A rational plane curve of degree d is a polynomial map from the line to the plane of degree d. There are finitely many such curves passing through 3d-1 points, and this number is independent of (generically) chosen points over the complex numbers. The problem of determining these numbers turns out to be deep and connected to string theory. It was not until the 1990's that Kontsevich determined...   More >

Friday, November 22, 2019

BERC's 2019 Resource Symposium: Resilient Cities: sponsored by ERA

Conference/Symposium | November 22 | 8:30 a.m.-2:30 p.m. | Haas School of Business, Chou Hall, Spieker Forum (6th floor)

 Berkeley Energy and Resources Collaborative

Each year BERC hosts our flagship fall event, Resource Symposium, a half-day event that brings together professionals, policymakers, and academics on critical resource-related topics. This year we are thrilled to announce the Fall 2019 theme of Resilient Cities which will explore challenges and solutions related to resource security, water scarcity, disaster resilience, and the built environment.

Fierce Self-Compassion

Workshop | November 22 | 9 a.m.-5 p.m. | International House, Chevron Auditorium

 Kristin Neff, University of Texas

 The Greater Good Science Center

Since the publication of Kristin Neff's groundbreaking book Self-Compassion, there has been a surge of interest in the science and practice of self-compassion, particularly in clinical settings. But that has generally focused on the gentle version of self-compassion, which involves “being with” ourselves in a compassionate way. We comfort and soothe ourselves when in pain, just as we might for a...   More >

 Not appropriate for children under 16

$179 In-person registration with CE hours, $159 In-person without CE hours, $155 Webcast with CE hours, $135 Webcast without CE hours

  Buy tickets online

Kristin Neff, Ph.D.

Essig Brunch Seminar: Entomology - insects, arachnids, and other arthopods

Seminar | October 4 – December 13, 2019 every Friday with exceptions | 10-11 a.m. | Valley Life Sciences Building, 1101 (UCMP "fishbowl")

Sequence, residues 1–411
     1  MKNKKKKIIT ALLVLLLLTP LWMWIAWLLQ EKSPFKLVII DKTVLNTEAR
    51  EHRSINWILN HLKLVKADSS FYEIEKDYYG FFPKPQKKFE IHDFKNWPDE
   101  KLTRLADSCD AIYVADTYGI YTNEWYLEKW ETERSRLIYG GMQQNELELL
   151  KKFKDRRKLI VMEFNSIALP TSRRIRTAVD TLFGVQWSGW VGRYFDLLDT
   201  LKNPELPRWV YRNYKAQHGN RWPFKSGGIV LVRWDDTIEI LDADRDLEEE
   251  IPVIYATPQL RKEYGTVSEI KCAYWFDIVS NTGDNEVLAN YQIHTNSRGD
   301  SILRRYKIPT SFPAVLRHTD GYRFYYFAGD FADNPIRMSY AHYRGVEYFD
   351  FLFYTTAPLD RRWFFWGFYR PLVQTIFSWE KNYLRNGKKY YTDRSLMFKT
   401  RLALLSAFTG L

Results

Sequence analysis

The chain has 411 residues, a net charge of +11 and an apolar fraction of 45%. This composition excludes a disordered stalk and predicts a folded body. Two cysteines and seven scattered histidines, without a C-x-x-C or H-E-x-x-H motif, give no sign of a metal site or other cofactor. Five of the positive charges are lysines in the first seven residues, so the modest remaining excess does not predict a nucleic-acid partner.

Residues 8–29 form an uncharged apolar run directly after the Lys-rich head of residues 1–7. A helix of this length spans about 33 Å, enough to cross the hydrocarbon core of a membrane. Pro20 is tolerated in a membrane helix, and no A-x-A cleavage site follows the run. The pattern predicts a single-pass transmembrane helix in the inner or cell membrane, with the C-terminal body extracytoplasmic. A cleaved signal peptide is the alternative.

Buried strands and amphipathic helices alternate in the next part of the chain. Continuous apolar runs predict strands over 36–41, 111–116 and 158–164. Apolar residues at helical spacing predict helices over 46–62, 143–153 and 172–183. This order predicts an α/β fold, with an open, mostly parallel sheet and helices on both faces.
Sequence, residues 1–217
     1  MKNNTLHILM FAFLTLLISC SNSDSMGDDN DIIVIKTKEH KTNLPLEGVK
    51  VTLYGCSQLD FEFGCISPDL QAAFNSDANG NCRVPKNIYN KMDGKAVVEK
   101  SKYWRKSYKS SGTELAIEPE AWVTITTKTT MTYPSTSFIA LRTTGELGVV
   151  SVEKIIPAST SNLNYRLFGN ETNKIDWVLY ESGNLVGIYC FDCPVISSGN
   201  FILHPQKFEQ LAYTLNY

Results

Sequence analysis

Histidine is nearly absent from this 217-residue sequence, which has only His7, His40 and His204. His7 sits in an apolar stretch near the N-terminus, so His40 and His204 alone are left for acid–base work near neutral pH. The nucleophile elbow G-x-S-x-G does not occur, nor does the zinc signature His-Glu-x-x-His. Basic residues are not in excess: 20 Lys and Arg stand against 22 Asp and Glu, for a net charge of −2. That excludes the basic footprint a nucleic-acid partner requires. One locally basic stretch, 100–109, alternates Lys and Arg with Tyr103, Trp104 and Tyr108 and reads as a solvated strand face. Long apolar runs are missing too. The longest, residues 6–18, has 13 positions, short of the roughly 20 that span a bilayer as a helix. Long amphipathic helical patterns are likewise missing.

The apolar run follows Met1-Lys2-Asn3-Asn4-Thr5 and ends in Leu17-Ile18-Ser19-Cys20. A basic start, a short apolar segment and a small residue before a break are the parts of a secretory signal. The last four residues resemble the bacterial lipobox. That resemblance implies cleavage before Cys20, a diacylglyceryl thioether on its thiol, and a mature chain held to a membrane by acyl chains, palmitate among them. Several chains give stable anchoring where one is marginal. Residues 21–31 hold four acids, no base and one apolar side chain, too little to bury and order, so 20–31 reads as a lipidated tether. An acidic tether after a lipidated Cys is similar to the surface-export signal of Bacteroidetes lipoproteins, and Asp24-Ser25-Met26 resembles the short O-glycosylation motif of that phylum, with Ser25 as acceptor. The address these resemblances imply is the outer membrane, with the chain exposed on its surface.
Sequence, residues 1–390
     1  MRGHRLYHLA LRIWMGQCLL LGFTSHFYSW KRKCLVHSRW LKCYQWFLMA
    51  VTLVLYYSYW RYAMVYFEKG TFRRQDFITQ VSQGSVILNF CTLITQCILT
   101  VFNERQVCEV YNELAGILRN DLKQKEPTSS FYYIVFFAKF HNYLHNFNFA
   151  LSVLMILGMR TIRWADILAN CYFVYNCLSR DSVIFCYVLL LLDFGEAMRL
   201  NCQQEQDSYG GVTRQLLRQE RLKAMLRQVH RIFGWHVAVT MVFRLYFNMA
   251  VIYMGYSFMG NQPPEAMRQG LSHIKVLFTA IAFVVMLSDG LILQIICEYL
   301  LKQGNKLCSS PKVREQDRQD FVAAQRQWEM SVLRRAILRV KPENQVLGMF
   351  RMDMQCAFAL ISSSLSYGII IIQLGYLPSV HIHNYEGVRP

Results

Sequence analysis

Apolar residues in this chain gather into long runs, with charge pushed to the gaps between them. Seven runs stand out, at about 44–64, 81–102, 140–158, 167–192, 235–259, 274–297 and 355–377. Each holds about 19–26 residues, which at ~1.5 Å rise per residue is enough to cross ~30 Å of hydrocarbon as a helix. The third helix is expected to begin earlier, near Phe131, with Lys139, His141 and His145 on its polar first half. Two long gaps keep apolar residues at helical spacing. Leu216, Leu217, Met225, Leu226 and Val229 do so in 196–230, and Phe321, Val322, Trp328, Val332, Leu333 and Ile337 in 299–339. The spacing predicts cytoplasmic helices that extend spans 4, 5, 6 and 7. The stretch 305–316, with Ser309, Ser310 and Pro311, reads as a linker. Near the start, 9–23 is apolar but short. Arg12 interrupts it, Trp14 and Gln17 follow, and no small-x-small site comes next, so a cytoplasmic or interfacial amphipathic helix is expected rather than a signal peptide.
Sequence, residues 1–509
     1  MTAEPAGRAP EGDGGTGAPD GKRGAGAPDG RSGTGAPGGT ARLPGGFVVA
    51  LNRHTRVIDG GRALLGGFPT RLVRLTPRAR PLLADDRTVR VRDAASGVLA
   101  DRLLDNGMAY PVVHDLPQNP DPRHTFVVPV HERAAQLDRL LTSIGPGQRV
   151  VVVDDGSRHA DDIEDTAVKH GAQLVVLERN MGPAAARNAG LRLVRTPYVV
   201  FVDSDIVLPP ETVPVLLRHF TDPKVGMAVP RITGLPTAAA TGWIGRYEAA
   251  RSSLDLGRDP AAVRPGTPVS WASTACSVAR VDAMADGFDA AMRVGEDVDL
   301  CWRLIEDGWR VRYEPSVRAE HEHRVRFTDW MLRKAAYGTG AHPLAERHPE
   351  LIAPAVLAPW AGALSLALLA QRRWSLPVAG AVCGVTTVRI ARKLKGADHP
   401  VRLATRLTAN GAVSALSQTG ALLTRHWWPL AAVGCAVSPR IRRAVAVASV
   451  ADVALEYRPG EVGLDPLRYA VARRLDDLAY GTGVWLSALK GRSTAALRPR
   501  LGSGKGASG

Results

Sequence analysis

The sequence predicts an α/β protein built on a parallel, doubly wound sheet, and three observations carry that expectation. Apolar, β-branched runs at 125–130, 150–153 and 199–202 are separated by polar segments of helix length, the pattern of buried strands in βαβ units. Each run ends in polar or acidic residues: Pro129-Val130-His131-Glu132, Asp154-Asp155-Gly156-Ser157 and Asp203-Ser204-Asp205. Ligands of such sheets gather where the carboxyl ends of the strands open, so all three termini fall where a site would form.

See website for current speaker and topic

 Essig Museum of Entomology

Weekly seminar series focused on insect ecology, evolution, behavior, and other research topics.

Underrepresented Researchers of Color (UROC): Brainstorm and Bagels

Workshop | November 22 | 10 a.m.-1 p.m. | 14 Durant Hall

 Office of Undergraduate Research

The Brainstorm & Bagels Workshop is an opportunity for underrepresented students of color in social science and humanities to meet with experienced undergraduate & graduate researchers who can assist in the development of a research project.

RSVP at https://tinyurl.com/uroc-bagels

Toward a Vision of Equity in College Access: Re-evaluating College Admissions

Conference/Symposium | November 22 | 10 a.m.-4 p.m. | Boalt Hall, School of Law, Booth Auditorium (#175 Boalt Hall)

 Graduate School of Education, Policy Analysis for California Education (PACE)

College admissions policies are receiving renewed attention amid numerous developments in California and nationally: A UC faculty task force is examining the role of tests in UC admissions; both CSU and UC are considering changes to course requirements; California policymakers are considering a bill to expand the use of college admissions tests for the purpose of high school accountability;...   More >